Skip to main content
×
×
Home

Modelling heterogeneity in survival data

  • Philip Hougaard (a1)
Abstract

Ordinary survival models implicitly assume that all individuals in a group have the same risk of death. It may, however, be relevant to consider the group as heterogeneous, i.e. a mixture of individuals with different risks. For example, after an operation each individual may have constant hazard of death. If risk factors are not included, the group shows decreasing hazard. This offers two fundamentally different interpretations of the same data. For instance, Weibull distributions with shape parameter less than 1 can be generated as mixtures of constant individual hazards. In a proportional hazards model, neglect of a subset of the important covariates leads to biased estimates of the other regression coefficients. Different choices of distributions for the unobserved covariates are discussed, including binary, gamma, inverse Gaussian and positive stable distributions, which show both qualitative and quantitative differences. For instance, the heterogeneity distribution can be either identifiable or unidentifiable. Both mathematical and interpretational consequences of the choice of distribution are considered. Heterogeneity can be evaluated by the variance of the logarithm of the mixture distribution. Examples include occupational mortality, myocardial infarction and diabetes.

Copyright
Corresponding author
Postal address: Biostatistical Department, Novo Research Institute, Novo Alle, 2880 Bagsværd, Denmark.
References
Hide All
Aalen, O. O. (1988) Heterogeneity in survival analysis. Statist. Med. 7, 11211137.
Andersen, O. (1985) Dødelighed og erhverv 1970–80. Danmarks Statistik, Copenhagen, Denmark.
Bar-Lev, S. K. and Enis, P. (1986) Reproducibility and natural exponential families with power variance functions. Ann. Statist. 14, 15071522.
Borch–Johnsen, K., Andersen, P. K. and Deckert, T. (1985) The effect of proteinuria on relative mortality in Type 1 (insulin-dependent) diabetes mellitus. Diabetologia 28, 590596.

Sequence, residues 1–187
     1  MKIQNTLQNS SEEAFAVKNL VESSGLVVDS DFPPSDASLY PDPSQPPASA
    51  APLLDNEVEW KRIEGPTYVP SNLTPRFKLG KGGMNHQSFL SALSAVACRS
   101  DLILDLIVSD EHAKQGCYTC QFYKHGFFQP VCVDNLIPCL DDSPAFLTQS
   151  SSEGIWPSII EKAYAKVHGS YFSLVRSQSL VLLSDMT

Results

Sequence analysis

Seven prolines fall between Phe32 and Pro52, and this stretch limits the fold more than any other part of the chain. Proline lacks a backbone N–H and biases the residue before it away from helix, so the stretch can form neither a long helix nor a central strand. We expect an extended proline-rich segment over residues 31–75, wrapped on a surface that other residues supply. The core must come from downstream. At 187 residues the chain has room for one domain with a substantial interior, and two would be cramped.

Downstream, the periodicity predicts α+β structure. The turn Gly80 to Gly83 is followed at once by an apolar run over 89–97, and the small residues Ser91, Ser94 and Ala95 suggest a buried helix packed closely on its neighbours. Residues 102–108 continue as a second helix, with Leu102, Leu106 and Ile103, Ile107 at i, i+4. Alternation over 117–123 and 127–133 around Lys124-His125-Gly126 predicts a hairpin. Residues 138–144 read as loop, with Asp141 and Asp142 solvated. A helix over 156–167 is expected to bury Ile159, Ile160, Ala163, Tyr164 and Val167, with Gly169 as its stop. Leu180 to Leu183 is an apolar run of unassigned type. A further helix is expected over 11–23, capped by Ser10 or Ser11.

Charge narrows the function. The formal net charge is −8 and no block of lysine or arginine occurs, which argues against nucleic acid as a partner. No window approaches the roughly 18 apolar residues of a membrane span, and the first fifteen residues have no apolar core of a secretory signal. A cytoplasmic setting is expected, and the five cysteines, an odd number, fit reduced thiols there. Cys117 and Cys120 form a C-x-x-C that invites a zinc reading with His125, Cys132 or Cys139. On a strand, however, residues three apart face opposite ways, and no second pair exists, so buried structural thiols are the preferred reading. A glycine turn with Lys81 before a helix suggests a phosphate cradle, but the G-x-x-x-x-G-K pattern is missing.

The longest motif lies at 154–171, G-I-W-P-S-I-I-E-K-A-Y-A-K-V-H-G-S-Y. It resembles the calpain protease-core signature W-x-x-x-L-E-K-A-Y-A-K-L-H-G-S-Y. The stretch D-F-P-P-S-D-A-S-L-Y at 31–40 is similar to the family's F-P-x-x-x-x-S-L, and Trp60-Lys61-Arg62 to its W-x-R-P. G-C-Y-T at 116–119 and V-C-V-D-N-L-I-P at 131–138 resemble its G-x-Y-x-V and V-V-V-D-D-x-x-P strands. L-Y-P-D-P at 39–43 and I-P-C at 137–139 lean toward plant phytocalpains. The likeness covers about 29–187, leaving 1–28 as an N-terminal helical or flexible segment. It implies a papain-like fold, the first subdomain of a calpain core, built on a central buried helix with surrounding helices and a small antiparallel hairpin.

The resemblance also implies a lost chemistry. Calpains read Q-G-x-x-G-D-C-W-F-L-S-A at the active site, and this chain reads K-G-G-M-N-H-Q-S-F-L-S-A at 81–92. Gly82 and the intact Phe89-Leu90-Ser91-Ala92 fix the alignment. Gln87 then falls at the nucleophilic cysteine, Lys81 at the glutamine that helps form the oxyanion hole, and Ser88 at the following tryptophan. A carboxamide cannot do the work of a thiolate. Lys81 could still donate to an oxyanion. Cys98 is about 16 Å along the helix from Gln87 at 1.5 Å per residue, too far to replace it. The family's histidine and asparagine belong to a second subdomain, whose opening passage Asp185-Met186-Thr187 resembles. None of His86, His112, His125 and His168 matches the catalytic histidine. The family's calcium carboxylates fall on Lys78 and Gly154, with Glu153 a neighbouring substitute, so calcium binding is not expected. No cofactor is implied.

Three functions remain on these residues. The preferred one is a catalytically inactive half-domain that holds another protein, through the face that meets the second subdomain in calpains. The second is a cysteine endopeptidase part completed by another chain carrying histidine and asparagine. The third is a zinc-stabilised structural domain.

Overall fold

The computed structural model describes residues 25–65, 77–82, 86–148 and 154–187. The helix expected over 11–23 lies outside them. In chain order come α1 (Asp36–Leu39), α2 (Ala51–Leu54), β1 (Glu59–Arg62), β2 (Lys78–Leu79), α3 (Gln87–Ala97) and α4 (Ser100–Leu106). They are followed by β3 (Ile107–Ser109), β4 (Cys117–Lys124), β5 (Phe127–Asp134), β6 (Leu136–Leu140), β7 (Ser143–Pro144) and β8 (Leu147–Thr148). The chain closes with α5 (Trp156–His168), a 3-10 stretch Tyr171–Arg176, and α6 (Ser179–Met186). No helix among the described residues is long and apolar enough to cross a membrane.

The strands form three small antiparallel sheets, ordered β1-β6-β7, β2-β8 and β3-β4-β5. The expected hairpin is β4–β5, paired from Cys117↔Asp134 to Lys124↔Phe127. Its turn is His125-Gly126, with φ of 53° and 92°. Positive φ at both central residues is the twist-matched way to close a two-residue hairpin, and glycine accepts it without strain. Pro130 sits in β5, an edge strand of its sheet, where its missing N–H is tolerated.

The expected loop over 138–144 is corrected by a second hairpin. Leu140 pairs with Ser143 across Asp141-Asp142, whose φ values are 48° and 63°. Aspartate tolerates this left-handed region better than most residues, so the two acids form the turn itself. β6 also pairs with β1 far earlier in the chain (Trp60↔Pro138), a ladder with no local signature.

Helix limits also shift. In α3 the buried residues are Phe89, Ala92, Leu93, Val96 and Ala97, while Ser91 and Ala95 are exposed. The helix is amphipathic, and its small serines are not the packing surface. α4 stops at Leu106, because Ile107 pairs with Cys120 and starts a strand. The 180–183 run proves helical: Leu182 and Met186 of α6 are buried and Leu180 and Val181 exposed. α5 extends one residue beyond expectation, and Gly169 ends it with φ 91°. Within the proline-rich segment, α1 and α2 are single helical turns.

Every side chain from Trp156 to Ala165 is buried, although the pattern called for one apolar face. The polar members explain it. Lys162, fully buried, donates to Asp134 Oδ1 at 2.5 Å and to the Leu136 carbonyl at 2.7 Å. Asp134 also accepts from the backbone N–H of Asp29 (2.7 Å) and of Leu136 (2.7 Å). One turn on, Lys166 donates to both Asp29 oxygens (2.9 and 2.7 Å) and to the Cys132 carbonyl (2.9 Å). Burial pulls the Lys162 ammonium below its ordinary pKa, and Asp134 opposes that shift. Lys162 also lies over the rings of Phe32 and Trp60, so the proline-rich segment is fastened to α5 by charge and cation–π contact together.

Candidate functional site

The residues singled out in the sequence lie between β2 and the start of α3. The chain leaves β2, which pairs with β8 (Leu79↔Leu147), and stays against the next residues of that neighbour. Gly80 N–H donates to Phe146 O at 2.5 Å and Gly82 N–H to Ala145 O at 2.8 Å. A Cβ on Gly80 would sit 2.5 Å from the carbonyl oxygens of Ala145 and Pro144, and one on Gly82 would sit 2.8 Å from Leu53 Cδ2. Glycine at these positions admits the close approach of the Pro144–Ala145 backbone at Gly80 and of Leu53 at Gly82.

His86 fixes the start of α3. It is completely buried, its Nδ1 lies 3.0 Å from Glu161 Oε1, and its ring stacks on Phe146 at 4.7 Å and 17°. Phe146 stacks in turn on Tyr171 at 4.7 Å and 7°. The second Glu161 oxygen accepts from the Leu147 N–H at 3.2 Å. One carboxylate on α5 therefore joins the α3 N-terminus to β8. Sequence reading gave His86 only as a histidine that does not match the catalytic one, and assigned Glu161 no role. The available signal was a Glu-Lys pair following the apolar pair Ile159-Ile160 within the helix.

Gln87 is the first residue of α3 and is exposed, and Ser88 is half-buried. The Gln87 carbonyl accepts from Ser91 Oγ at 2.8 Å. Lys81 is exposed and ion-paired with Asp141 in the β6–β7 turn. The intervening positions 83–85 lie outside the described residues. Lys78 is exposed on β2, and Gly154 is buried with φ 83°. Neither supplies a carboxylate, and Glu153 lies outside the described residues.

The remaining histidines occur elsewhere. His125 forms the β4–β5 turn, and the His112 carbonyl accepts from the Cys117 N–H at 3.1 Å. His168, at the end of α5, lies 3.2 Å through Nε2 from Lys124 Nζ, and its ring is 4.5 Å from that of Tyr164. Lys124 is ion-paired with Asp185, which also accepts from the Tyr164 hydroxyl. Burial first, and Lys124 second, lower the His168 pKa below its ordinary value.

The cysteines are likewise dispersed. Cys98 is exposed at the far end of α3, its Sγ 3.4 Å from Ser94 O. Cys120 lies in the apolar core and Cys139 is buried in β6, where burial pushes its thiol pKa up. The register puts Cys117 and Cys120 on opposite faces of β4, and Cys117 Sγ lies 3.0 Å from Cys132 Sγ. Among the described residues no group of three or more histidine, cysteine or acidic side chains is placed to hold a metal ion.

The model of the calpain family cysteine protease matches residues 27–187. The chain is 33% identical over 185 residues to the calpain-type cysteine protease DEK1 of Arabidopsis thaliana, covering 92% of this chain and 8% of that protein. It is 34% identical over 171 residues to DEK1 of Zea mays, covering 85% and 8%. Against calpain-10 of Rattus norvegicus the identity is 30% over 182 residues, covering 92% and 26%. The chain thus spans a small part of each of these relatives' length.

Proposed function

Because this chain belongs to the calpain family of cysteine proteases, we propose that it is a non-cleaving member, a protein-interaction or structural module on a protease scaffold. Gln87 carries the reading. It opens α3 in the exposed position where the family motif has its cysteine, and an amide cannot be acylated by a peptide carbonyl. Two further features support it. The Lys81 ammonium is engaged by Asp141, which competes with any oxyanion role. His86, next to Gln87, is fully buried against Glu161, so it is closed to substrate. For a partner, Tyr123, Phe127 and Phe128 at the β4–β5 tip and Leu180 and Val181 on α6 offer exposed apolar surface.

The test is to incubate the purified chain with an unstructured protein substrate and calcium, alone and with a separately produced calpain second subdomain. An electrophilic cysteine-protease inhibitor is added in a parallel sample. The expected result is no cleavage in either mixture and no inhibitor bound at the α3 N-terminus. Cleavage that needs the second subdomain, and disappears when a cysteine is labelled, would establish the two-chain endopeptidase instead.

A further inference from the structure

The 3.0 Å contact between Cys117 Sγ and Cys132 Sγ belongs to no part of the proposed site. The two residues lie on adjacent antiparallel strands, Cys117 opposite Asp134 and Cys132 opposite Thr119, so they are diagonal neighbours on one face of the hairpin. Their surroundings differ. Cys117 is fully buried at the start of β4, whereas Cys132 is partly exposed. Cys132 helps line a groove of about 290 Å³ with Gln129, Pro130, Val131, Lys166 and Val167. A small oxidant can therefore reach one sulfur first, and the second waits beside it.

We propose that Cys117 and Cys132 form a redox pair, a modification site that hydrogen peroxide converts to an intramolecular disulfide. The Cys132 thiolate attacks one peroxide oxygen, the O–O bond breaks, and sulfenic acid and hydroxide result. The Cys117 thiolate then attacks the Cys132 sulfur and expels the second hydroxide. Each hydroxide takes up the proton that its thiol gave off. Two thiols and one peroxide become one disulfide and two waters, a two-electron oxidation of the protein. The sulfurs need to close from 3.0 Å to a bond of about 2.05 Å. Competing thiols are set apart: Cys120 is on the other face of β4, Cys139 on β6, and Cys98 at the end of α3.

Heckman, J. J. and Singer, B. (1982) The identification problem in econometric models for duration data. In Advances in Econometrics, ed. Hildenbrand, W., Cambridge, pp. 3977.
Hougaard, P. (1986) Survival models for heterogeneous populations derived from stable distributions. Biometrika 73, 387396.
Hougaard, P. (1987) Modelling multivariate survival. Scand. J. Statist. 14, 291304.
Jørgensen, B. (1987). Exponential dispersion models. J. R. Statist. Soc. B 49, 127162.
Manton, K. G., Stallard, E. and Vaupel, J. W. (1986) Alternative models for the heterogeneity of mortality risks among the aged. J. Amer. Statist. Assoc. 81, 635644.
Recommend this journal

Email your librarian or administrator to recommend adding this journal to your organisation's collection.

Journal of Applied Probability
  • ISSN: 0021-9002
  • EISSN: 1475-6072
  • URL: /core/journals/journal-of-applied-probability
Please enter your name
Please enter a valid email address
Who would you like to send this to? *
×

Keywords

Metrics

Full text views

Total number of HTML views: 0
Total number of PDF views: 10 *
Loading metrics...

Abstract views

Total abstract views: 169 *
Loading metrics...

* Views captured on Cambridge Core between September 2016 - 22nd August 2018. This data will be updated every 24 hours.